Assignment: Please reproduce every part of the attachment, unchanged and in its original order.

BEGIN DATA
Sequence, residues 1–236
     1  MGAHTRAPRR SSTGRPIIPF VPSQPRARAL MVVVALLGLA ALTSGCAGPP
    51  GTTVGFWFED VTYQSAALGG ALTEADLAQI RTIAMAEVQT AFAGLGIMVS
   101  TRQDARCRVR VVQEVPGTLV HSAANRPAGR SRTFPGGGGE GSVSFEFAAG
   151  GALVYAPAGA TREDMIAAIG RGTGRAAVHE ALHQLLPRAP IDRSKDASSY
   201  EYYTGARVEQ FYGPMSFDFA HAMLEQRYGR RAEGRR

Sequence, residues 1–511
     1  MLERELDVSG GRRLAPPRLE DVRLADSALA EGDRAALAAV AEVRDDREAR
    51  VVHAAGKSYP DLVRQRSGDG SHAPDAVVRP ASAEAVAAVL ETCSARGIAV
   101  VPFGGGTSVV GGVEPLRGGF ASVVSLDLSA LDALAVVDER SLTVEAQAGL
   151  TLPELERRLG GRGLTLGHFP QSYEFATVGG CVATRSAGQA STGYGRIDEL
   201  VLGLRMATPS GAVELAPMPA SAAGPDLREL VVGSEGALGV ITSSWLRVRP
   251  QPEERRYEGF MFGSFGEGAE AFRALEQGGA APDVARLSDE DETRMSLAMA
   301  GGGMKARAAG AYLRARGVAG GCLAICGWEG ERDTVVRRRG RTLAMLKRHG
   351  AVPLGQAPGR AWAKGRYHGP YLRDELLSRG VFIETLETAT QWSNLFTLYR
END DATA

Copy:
Sequence, residues 1–236
     1  MGAHTRAPRR SSTGRPIIPF VPSQPRARAL MVVVALLGLA ALTSGCAGPP
    51  GTTVGFWFED VTYQSAALGG ALTEADLAQI RTIAMAEVQT AFAGLGIMVS
   101  TRQDARCRVR VVQEVPGTLV HSAANRPAGR SRTFPGGGGE GSVSFEFAAG
   151  GALVYAPAGA TREDMIAAIG RGTGRAAVHE ALHQLLPRAP IDRSKDASSY
   201  EYYTGARVEQ FYGPMSFDFA HAMLEQRYGR RAEGRR

Sequence, residues 1–511
     1  MLERELDVSG GRRLAPPRLE DVRLADSALA EGDRAALAAV AEVRDDREAR
    51  VVHAAGKSYP DLVRQRSGDG SHAPDAVVRP ASAEAVAAVL ETCSARGIAV
   101  VPFGGGTSVV GGVEPLRGGF ASVVSLDLSA LDALAVVDER SLTVEAQAGL
   151  TLPELERRLG GRGLTLGHFP QSYEFATVGG CVATRSAGQA STGYGRIDEL
   201  VLGLRMATPS GAVELAPMPA SAAGPDLREL VVGSEGALGV ITSSWLRVRP
   251  QPEERRYEGF MFGSFGEGAE AFRALEQGGA APDVARLSDE DETRMSLAMA
   301  GGGMKARAAG AYLRARGVAG GCLAICGWEG ERDTVVRRRG RTLAMLKRHG
   351  AVPLGQAPGR AWAKGRYHGP YLRDELLSRG VFIETLETAT QWSNLFTLYR